– Debra Fuchs-Ertman, Scarborough, Maine

William Paterson’s distinguished career as New Jersey’s governor and senator, and subsequently as a justice on the U.S. Supreme Court, is a tad tarnished by his service as a delegate to the Constitutional Convention in 1787.

The framers of the Constitution are habitually hailed as visionaries. Not altogether true. Paterson balked at the Virginia Plan for proportional representation in Congress. He predicted that the most populous states would dominate the agenda in Congress. Proportional representation would leave New Jersey and the other small states on the margins of power.

Paterson ultimately accepted the Connecticut Compromise that affords each state equal representation in the Senate and proportional representation in the House.

With 8.7 million people, New Jersey is today America’s 11th most populous state, ranking immediately above Virginia. These days it seems as if the least populous states dominate the agenda, leaving the larger states – New Jersey among them – on the margins of power. Moral of this story? New Jersey and you, congested together.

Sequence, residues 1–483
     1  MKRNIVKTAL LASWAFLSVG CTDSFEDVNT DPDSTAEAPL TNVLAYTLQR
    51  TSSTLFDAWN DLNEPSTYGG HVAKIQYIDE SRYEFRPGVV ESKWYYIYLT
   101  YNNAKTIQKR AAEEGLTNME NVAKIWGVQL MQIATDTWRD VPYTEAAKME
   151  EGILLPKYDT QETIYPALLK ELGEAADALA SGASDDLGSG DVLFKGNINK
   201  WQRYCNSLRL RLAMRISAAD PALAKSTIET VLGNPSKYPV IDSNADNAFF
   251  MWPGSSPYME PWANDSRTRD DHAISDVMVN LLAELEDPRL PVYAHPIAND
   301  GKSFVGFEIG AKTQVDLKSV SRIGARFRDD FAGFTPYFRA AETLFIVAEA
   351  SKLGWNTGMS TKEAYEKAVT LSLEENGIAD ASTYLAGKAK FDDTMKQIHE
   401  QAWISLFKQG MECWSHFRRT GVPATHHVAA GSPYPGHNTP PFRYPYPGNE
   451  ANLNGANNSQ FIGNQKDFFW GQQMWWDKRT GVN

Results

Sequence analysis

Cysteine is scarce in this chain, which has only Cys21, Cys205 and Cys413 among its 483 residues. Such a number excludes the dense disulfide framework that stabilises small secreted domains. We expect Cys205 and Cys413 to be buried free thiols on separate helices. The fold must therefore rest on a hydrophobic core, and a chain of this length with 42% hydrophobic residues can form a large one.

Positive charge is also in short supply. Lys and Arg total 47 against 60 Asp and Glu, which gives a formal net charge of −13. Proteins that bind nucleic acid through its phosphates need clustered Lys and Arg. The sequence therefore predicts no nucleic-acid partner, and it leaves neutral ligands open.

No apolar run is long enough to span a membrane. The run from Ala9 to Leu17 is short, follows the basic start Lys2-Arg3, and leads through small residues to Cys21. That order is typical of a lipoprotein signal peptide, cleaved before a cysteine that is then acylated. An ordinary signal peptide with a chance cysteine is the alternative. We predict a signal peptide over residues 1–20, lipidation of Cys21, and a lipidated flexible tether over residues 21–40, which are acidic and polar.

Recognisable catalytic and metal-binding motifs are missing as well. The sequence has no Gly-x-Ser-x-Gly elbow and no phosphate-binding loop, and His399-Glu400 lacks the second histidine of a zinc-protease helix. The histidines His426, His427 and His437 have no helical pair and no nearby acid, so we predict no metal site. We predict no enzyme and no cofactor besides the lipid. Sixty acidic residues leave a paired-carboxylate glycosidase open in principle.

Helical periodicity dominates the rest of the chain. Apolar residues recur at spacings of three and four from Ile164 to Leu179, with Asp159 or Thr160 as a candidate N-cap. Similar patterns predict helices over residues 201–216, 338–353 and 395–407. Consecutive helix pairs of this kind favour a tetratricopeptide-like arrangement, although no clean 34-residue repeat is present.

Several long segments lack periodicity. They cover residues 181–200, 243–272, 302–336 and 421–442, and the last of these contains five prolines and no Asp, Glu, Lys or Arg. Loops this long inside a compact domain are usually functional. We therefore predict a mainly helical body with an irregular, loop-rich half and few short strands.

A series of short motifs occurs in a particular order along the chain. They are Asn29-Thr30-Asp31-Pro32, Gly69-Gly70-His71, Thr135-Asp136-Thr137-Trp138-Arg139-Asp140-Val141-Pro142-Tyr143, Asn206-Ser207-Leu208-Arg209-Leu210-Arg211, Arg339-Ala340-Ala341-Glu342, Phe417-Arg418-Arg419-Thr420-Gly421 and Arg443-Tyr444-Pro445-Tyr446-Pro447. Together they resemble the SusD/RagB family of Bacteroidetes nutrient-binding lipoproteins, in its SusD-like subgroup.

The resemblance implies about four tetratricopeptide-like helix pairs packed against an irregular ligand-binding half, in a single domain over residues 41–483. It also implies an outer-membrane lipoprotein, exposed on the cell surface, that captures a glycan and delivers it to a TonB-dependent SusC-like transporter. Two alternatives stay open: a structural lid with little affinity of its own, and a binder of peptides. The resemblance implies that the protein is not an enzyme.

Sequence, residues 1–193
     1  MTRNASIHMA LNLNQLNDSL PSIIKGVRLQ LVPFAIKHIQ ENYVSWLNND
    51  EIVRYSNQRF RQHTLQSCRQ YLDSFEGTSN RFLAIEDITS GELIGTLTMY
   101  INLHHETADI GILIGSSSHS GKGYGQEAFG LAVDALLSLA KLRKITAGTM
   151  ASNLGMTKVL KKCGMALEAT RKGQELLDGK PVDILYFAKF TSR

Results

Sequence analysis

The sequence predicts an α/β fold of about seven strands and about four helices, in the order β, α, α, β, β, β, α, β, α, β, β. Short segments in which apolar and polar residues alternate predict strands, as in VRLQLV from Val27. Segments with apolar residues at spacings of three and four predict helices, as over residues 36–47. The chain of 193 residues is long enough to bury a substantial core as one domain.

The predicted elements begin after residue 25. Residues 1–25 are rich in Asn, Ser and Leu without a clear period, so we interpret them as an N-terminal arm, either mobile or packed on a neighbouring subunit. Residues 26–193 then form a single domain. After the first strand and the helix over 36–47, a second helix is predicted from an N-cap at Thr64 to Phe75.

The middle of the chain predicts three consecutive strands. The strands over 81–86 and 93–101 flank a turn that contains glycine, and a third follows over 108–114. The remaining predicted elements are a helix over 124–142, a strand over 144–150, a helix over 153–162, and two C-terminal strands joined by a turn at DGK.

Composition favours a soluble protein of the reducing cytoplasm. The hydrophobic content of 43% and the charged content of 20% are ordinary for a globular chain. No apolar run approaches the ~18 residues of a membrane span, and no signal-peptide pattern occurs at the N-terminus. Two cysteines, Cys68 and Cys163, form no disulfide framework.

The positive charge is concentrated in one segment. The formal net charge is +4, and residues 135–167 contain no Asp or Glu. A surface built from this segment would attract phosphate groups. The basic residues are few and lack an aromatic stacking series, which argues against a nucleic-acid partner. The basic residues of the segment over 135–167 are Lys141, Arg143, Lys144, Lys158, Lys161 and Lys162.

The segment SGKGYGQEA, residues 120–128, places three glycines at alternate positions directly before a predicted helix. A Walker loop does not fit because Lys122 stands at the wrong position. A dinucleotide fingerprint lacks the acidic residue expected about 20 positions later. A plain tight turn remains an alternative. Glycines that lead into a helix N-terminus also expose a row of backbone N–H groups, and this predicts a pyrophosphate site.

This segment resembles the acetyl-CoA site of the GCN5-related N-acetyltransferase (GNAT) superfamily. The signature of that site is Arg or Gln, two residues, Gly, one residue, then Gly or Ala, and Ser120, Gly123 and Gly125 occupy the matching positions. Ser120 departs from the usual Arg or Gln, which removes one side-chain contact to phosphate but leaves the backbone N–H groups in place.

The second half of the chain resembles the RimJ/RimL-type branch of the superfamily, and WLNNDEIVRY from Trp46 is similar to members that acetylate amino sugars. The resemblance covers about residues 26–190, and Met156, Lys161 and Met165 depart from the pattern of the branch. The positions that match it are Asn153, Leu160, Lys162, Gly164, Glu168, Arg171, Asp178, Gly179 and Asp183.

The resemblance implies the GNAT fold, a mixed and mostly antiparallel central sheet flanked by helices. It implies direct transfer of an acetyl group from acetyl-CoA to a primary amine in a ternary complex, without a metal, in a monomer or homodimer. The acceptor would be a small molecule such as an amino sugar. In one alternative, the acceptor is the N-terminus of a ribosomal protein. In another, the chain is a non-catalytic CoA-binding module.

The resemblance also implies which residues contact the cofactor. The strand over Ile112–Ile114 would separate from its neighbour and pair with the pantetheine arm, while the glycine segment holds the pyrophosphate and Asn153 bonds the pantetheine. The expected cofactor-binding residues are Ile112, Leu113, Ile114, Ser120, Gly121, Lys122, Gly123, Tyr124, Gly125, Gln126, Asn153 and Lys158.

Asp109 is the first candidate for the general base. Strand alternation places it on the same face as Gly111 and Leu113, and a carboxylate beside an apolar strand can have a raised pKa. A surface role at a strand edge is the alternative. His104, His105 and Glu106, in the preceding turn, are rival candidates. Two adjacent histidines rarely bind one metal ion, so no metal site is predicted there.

More after the jump.
As Smoky the Bear might say, only you can prevent the collapse of the George Washington Bridge. If the GW crashes into the Hudson River, can you live with the scenes of twisted metal and the screams of the victims on your conscience?

As the wealthy lap up their luxury, the rest of us are now expected to find more money we do not have to rebuild our bridges and roads and supply jobs for the building trades unions.

Such is the message conveyed by our leaders in New York, New Jersey and Pennsylvania, if indirectly through intermediaries. They refuse to raise taxes on the rich or profitable corporations, yet they want us to pay higher tolls and fees.

“The pain of higher tolls is nothing compared with the pain we would feel if the span of the George Washington Bridge collapses,” writes Mitchell Moss in a New York Daily News op-ed.

“There are dozens of critical maintenance projects like that – basic improvements that need to be made to keep things running smoothly,” the urban policy professor continued. “Contrary to popular belief, tolls are actually the best way to pay for highways and bridges.”

In a letter to The Philadelphia Inquirer, Ricke C. Foster, president of the Contractors Association of Eastern Pennsylvania, writes: “The state has suffered for decades without the needed funds to invest in our highways and public transit systems. The recent recommendations by the Transportation Funding Advisory Commission offer a commonsense solution to our state’s transportation problem, in particular, raising additional funds specifically from transportation users.